The corner of Ben Yehuda and Ben Gurion is the most symbolic spot in Tel Aviv. One next to the other: a wine bar, a yoghurt bar, a sushi bar, and a cafe so treif it sells bacon on Shabbat. And hidden behind them, wedged between apartment balconies… a synagogue.
The constant buzz of the White City is a whir of bicycles and wafting chatter from street-front cafes. But on Simchat Torah, that rhythm becomes the background noise of a more powerful melody.
The look on the faces of passersby could only be described as a mixture of bafflement and bemusement, as perhaps two hundred people erupted from the wine/yoghurt/sushi/cafe-hidden synagogue and spilled onto Ben Yehuda Street — men, women and children — singing and dancing and clutching Torah scrolls.
Israelis have no shame. Some passersby even walked into the middle of the circle to take photos on their phones, surprised to see a quaint street circus they simply had to tell their families about.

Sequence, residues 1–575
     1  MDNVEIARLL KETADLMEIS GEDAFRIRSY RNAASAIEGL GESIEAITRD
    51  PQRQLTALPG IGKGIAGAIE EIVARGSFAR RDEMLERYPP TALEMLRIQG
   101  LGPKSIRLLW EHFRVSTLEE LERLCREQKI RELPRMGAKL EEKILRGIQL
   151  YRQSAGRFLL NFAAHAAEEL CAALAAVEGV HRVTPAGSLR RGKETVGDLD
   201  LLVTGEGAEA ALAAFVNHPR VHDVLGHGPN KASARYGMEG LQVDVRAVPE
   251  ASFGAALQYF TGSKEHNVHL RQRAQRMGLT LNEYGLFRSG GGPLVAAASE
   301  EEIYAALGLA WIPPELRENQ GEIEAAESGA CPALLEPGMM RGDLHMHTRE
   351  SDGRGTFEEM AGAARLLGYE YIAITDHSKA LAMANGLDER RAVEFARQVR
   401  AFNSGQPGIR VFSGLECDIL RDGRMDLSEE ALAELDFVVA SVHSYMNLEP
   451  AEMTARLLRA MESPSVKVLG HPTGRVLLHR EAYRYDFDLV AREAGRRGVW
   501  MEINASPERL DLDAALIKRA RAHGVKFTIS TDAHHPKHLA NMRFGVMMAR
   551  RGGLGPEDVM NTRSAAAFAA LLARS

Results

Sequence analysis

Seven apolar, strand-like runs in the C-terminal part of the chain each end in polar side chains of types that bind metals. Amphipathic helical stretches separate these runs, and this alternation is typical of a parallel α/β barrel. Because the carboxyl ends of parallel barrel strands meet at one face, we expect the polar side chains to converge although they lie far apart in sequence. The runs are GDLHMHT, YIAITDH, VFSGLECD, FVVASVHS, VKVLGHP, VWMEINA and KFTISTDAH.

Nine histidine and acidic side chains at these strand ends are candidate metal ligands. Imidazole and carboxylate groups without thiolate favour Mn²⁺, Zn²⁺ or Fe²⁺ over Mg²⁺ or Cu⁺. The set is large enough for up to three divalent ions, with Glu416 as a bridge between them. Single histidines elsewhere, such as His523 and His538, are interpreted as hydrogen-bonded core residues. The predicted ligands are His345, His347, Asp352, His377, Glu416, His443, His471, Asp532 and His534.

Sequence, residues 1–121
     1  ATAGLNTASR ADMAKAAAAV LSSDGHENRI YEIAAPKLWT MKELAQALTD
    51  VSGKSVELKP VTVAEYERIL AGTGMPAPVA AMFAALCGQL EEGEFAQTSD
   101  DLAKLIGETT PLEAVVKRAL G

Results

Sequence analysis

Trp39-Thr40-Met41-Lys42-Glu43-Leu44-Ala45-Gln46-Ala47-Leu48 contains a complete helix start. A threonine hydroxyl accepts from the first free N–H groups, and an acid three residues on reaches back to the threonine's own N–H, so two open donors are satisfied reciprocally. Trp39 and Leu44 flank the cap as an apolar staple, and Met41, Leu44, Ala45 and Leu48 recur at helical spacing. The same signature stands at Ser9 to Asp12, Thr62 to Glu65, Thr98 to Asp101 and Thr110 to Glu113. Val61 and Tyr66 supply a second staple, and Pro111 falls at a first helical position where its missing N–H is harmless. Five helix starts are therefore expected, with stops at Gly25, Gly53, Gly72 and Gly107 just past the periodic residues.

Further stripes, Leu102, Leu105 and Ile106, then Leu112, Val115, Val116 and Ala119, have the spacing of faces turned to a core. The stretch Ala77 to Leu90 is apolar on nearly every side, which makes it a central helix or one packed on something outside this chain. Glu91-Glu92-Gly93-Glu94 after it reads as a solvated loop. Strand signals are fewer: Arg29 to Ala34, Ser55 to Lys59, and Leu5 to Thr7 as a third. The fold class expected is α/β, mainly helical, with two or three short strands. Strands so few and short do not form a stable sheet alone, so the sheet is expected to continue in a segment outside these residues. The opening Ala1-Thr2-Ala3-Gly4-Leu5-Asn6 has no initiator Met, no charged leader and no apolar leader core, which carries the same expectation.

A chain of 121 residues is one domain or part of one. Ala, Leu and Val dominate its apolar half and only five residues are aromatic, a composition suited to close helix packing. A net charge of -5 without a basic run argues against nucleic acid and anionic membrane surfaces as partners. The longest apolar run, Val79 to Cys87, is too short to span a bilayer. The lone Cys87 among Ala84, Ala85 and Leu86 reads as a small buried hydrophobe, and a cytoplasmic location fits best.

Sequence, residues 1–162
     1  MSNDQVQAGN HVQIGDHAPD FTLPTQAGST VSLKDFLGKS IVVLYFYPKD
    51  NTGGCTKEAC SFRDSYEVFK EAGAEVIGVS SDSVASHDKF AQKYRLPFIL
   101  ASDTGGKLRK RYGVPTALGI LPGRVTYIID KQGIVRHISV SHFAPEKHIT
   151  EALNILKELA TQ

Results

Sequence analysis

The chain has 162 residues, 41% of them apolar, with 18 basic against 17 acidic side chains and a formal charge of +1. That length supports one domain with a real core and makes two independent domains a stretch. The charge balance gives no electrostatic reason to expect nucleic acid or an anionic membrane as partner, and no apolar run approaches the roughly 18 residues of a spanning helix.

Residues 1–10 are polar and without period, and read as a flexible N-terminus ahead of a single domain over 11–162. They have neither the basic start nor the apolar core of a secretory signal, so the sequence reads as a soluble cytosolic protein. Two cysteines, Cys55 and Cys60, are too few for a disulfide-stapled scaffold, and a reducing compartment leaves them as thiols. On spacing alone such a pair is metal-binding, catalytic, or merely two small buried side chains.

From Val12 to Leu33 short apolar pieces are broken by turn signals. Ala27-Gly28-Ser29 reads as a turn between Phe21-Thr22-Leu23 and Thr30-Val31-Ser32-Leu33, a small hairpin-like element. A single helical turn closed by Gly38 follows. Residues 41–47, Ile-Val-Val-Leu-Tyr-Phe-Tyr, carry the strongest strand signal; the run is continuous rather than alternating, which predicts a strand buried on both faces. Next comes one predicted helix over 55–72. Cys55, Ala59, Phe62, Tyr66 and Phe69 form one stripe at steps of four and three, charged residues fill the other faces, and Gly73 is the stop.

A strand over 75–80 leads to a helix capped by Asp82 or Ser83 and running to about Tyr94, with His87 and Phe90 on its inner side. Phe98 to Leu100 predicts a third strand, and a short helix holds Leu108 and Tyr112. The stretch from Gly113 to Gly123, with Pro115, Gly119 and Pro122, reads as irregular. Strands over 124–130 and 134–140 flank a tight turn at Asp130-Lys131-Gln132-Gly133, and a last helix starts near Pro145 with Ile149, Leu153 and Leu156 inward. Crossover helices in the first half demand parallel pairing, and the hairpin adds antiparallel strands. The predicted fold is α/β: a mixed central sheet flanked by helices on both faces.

Singing (really just chanting nai-nai-nai in any random tune, by this point), we strode from a street named for the man who revived the Hebrew language, along a boulevard named for the man who resurrected the Hebrew state, and to a street named for the mayor of the first Hebrew city. The women, embracing a scroll, danced in a circle, artfully dodging the passing bicycles. Someone threw a basket of lollipops in the air, and the children scrambled to clear the litter.
The heavy scroll in my arm was rolled precisely to the section when the Children of Israel part from Moses on the banks of the Promised Land, on the cusp of securing their liberty. We sang about the two-thousand year dream to be a free people in our own land. The dream to engage in such eccentric rituals unmolested. And the dream to sit in cafes and ride bicycles, if we wish, as we watch them instead, bemused and befuddled as the bedraggled Israelites in those final, calligraphed paragraphs would be if they could see us now.
And then we slipped back inside, and the White City buzz returned to its routine, punctuated — maybe, and maybe not — by the odd quip about what a meshigge little occurrence just took place.
What a time and place to be alive.